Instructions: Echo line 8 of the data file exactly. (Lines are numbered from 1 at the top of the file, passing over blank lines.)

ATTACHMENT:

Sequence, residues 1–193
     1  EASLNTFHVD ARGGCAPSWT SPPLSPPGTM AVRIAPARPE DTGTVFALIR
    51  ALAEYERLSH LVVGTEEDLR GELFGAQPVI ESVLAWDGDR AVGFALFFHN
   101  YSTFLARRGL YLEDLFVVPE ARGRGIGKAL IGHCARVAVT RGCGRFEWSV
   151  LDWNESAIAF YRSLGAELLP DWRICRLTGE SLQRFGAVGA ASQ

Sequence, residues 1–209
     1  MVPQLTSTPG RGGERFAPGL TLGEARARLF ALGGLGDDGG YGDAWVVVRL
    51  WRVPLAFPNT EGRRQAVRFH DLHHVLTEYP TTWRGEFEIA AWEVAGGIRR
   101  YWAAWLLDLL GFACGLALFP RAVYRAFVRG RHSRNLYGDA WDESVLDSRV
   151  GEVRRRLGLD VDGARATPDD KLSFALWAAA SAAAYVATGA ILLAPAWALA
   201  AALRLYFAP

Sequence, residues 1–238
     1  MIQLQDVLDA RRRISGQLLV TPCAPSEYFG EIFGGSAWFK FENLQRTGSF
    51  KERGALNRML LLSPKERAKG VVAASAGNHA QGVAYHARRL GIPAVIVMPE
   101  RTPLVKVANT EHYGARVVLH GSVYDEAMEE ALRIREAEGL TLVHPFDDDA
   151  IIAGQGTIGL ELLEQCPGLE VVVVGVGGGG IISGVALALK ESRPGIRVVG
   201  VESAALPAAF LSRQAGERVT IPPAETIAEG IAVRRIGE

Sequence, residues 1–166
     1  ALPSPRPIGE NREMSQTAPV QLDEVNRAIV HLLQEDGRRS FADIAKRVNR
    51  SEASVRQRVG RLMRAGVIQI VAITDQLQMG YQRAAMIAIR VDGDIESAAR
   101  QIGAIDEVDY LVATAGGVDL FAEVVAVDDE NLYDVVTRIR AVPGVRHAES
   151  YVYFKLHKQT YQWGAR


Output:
    51  WRVPLAFPNT EGRRQAVRFH DLHHVLTEYP TTWRGEFEIA AWEVAGGIRR